A video about Turning Technologies, the company that make the audience response clickers that Louise uses with her students.

After the TEL talks, everyone went back into the atrium to get a well deserved cup of coffee and Danish pastry. We then spent the next hour chatting about technology and its place in the teaching and learning process. Several technology experts, both from within and outside of the University community, attended this event. Delegates were able to talk to staff from IT Services, the Albert Sloman Library as well as fellow TEL-Con attendees. Katherine Bone, our representative from Jisc, also made the journey to Essex to talk about the support and services she can offer to University members. In addition to this, Matt Softly kindly brought his Virtual Reality kit all the way from Southend for people to play with, and Satnam Darar came to answer any technical questions about the SWIVL (Satnam runs company called TechInvasion, who are the sole UK distributors of the SWIVL).

The conference ended with three optional, hands-on workshops on ThingLink, the Moodle Quiz tool and Live Audience Participation technology. All three workshops were well attended.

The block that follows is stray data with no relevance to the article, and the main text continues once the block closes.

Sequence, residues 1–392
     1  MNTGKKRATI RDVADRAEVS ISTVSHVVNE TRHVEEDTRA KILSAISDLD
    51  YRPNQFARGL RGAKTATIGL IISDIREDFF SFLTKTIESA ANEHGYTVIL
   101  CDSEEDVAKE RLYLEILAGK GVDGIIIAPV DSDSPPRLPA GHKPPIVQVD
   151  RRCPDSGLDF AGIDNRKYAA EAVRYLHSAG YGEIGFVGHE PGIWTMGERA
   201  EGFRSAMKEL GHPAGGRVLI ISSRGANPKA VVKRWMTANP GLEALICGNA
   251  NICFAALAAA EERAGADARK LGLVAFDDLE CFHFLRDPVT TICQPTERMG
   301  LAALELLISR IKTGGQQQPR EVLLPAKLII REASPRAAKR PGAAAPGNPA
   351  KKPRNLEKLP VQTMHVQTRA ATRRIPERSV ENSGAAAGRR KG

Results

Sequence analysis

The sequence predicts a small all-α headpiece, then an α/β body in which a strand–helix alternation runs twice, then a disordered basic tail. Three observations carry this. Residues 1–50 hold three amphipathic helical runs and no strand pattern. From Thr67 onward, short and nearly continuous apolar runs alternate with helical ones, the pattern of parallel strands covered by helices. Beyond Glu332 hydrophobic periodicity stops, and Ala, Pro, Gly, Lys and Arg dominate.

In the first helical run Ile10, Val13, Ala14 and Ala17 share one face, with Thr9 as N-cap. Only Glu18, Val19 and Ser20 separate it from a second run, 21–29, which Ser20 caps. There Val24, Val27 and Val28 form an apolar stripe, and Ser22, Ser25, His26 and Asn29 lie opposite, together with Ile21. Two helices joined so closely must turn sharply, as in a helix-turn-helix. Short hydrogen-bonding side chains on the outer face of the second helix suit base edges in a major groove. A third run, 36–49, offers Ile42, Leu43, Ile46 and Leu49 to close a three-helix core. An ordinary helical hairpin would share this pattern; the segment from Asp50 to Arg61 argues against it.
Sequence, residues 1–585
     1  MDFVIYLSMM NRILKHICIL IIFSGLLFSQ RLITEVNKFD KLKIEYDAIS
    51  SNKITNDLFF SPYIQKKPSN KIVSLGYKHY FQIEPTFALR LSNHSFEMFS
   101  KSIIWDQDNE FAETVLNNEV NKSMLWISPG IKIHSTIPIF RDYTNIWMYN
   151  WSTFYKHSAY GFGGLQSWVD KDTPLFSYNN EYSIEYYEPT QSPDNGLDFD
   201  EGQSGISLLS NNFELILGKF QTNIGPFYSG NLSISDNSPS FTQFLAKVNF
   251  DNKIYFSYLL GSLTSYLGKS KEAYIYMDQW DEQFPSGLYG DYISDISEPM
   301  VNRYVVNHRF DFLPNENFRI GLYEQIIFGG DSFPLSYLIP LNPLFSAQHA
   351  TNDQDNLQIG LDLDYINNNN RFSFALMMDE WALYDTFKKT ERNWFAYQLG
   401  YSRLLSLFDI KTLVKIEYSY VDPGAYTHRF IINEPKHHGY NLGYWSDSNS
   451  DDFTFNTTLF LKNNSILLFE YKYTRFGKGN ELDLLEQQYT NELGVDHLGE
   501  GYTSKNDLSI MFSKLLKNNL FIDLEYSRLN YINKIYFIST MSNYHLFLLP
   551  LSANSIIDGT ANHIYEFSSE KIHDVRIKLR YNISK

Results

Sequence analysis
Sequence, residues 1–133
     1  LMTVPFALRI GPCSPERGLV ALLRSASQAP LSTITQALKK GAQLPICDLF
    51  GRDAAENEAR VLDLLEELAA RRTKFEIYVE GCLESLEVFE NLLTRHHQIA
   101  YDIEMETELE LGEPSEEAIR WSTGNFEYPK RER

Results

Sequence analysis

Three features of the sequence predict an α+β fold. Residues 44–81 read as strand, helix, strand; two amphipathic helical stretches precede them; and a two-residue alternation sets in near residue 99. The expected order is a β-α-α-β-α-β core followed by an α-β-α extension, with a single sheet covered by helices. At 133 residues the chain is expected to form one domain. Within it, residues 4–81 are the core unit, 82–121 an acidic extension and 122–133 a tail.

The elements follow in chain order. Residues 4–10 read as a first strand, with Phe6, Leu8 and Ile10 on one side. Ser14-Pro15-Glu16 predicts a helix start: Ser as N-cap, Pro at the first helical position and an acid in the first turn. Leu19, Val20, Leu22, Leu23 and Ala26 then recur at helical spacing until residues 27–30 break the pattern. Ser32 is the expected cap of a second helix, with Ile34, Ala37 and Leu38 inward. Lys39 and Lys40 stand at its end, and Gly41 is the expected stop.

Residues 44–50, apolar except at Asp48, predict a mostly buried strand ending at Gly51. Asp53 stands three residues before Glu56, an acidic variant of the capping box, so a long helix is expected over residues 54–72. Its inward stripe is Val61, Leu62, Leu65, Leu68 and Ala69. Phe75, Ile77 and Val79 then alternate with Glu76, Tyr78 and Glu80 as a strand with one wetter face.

The Technology-Enhanced Learning Team would like to thank everyone who attended TEL-Con. We’d also like to thank Susan, Martin, Samer and Louise for preparing and delivering four excellent presentations, as well as all of the technology experts who gave up their time to attend the networking session. Without your input the event wouldn’t have been possible. I’d also like to thank Aletta for opening the conference for us, and Jo Hopkins for helping us organise and run the event.

We managed to recorded the four TEL talks, they’ll be available via Moodle next week for those people who were unable to attend the event in person (an delagates who want to refresh their memories!). For more photos taken at the event can be found in the TEL-Con album on Flickr.

If you’d like to be involved in next year’s TEL-Con, or you’re interested in any of the technological approaches mentioned in this post, please contact the Technology-Enhanced Learning Team (email: tel).